All In With Chris Hayes, Transcript, 7/11/2016

Stuart Stevens, Dan Rather, Heidi Przybyla, DeRay Mckesson; Heather McGee; Eugene O`Donnell

Date: July 11, 2016
Guest: Stuart Stevens, Dan Rather, Heidi Przybyla, DeRay Mckesson; Heather
McGee; Eugene O`Donnell


CHRIS HAYES, MSNBC HOST (voice-over): Tonight on ALL IN –


HAYES: Seven days from Cleveland.

GOV. MARY FALLIN (R), OKLAHOMA: I think he is trying to campaign as a
racial healer.

HAYES: The auditions for Trump`s veep continue.

UNIDENTIFIED MALE: I think women have to be able to choose.

HAYES: Tonight, where the search stands amidst the chaotic convention

Then, my interview with the Black Lives Matter leader arrested in Baton

And as political backlash grows –

RUDY GIULIANI, FORMER NYC MAYOR: When you say Black Lives Matter, that`s
inherently racist.

HAYES: Tonight, what the Dallas police chief is getting right in the wake
of last shooting`s shooting.

much in this country.

HAYES: Plus, the plans for Bernie to endorse Hillary.


HAYES: And the Notorious RBG goes there on Donald Trump.


HAYES: When ALL IN starts right now.


HAYES: Good evening from New York. I`m Chris Hayes.

We`re looking at live pictures of protests around the country tonight just
under a week since Alton Sterling was killed by police in Louisiana, days
since the fatal shootings of Philando Castile during a traffic stop in
Minnesota, and also five police officers guarding a demonstration in Texas.

Today also marks exactly one week until the Republican convention in
Cleveland where the party will formally select its nominee for president,
and it`s coming at a time as you can tell, of crashing grief, anxiety,
tension, anger in this nation after what can only be described as a
traumatic week and after volatile and often dark year in politics unlike
anything we`ve ever seen at least in a long while.

Right now, a lot of people are looking for a leadership and a path forward
from this moment. So, next week presents a real opportunity for the GOP to
frame its vision for the future and reintroduce the public to its
presumptive nominee, Donald J. Trump.

But a week out, the convention still appears to be very much a work in
progress. Not too long ago, on July 2nd, Trump tweeted, “The speakers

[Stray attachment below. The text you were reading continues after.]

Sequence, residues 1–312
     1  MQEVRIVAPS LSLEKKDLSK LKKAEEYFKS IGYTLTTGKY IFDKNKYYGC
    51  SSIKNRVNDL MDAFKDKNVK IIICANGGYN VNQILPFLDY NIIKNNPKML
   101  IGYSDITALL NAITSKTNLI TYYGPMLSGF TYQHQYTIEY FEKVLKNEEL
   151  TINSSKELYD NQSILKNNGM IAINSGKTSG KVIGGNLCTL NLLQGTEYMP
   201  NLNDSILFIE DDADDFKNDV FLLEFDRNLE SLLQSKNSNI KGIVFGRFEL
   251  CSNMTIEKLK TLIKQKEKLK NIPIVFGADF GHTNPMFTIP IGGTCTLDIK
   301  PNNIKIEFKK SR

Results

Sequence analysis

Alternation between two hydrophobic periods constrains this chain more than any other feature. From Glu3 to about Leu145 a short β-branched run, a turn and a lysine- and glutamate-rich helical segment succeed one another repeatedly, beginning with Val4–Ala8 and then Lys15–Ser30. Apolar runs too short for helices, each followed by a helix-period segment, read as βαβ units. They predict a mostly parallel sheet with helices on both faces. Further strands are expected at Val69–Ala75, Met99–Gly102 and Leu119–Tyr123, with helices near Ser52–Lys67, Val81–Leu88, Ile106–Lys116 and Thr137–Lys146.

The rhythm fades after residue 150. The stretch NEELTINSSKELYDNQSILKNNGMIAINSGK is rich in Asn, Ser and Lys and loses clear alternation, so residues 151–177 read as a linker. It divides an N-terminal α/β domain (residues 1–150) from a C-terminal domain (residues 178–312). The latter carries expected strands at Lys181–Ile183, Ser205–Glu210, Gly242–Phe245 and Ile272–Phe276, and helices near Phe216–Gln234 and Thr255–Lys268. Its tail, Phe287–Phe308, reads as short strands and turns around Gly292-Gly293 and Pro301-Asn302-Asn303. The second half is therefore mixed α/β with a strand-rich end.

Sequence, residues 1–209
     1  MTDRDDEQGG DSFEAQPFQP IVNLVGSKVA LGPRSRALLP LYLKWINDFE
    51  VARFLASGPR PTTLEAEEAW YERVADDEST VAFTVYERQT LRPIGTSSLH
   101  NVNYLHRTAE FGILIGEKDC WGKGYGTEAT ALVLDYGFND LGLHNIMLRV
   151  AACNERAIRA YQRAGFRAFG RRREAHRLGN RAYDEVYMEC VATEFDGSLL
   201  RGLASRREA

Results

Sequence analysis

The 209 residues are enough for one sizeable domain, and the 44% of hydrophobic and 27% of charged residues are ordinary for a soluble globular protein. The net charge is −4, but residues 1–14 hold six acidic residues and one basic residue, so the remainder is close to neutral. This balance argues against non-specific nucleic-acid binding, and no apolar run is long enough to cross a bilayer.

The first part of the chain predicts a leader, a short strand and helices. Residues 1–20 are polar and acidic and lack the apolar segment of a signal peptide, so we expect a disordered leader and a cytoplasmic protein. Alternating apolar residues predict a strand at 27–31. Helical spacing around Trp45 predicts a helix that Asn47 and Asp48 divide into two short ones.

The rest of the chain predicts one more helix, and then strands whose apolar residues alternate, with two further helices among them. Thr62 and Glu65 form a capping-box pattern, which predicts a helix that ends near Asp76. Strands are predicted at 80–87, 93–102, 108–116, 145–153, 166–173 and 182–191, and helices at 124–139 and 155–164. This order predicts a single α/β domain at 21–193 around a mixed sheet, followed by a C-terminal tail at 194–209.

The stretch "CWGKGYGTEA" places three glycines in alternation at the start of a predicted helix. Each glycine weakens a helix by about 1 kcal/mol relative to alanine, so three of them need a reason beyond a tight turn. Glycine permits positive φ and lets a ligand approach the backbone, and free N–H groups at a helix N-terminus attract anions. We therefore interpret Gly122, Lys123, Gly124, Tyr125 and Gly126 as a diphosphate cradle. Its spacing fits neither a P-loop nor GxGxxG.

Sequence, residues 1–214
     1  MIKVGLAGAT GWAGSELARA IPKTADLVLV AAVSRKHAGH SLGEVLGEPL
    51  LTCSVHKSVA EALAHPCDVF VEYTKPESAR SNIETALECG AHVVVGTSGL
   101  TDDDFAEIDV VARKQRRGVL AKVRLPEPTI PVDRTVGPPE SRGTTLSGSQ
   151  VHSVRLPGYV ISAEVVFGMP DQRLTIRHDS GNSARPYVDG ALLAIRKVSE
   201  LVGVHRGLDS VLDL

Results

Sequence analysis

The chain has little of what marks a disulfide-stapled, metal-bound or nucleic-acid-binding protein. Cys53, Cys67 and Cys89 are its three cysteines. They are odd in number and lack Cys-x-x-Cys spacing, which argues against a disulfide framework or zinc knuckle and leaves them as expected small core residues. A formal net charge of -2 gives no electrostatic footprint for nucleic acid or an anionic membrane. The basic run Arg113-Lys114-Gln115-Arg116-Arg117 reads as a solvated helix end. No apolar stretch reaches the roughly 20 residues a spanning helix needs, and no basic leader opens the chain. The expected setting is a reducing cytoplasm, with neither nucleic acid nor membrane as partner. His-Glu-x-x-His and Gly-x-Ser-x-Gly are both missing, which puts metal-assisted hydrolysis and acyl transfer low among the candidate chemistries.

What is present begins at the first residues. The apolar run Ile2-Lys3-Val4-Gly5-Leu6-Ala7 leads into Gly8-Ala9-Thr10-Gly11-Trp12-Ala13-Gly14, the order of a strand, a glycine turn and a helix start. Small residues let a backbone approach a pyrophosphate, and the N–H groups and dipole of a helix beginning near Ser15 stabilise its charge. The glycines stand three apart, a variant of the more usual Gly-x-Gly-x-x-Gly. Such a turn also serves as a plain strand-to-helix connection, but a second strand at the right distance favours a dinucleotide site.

slots at the Republican convention are totally filled with a long waiting
list of those that want to speak. Wednesday release.”

Wednesday rolled around, Trump tweeted that actually the speakers are
coming out the following Thursday. Now, it`s Monday night and still no
list. A handful of names were already public. “Politico” confirmed that
House Speaker Paul Ryan is officially set to address the convention,
joining Trump`s former rival Ted Cruz, Wisconsin Governor Scott Walker, and
Iowa Senator Joni Ernst, according to reporter for “The Boston Globe.”

Trump told GOP House members in a meeting last week, speakers will include
his wife, Melania, his daughter Ivanka, and golf legend, Jack Nicklaus.
While Nicklaus did endorse Trump last month, he said Mr. Nicklaus is
traveling internationally in the next couple of weeks, touching down in no
fewer than six countries. He will not be a attending any portion of the

Like Nicklaus, most of the Republican Party`s elder statesmen aren`t
planning to attend the convention, much less speak, including the party`s
last two presidents, both named Bush, its two previous presidential
nominees Mitt Romney and John McCain. According to a tally from Talking
Points Memo, 16 GOP senators are skipping it including the most vulnerable
up for election, even John Kasich, Republican governor of Ohio, the state
that is hosting the convention, does not plan to set foot inside the arena.

One person we can expect to be there, Trump`s pick for vice president when
he told the “Washington Post” he was planning to announce in the next three
to four days. According to Trump, quote, “someone respected by the
establishment and liked by the establishment would be good for unification.
I do like unification of the Republican Party.”

Much more on Trump`s fateful choice later in the show. In the meantime, in
the meantime, the GOP`s platform committee started meeting today to
determine just what exactly what the party stands for. Among the issues
debated today, according to various reports, calling for reversal of the
Supreme Court decision on same sex marriage, rejecting two-state solutions
for Israelis and Palestinians, declaring online pornography a public health
crisis, and barring the use of food stamps to purchase junk food, which
according to “Times” Zeke Miller devolved into the debate as to what counts
as junk food, Oreos or chocolate-covered Oreos.

Reportedly, the platform committee is poised to endorse Trump`s border
which along which along with the Muslim ban was about as close as Trump has
come to sticking out a genuine policy position albeit one totally avoid of
practical details. According to prominent Trump backer and former Texas
Governor Rick Perry, Trump is not talking about a physical wall. Perry
told Snapchat in an interview, quote, “It`s a technological wall, it`s a
digital wall.”

A week before the convention, the candidate is still trying show he`s
capable of the gravitas expected of a major party`s standard bearer. After
his response to the Orlando massacre horrified much of the political class,
including many members of his own party, Trump`s reaction to the events in
the past week has been remarkably restrained by his standards. He made his
first extended comments on the subject in a scripted speech earlier today.


TRUMP: The attack on our Dallas police is an attack on our country. Our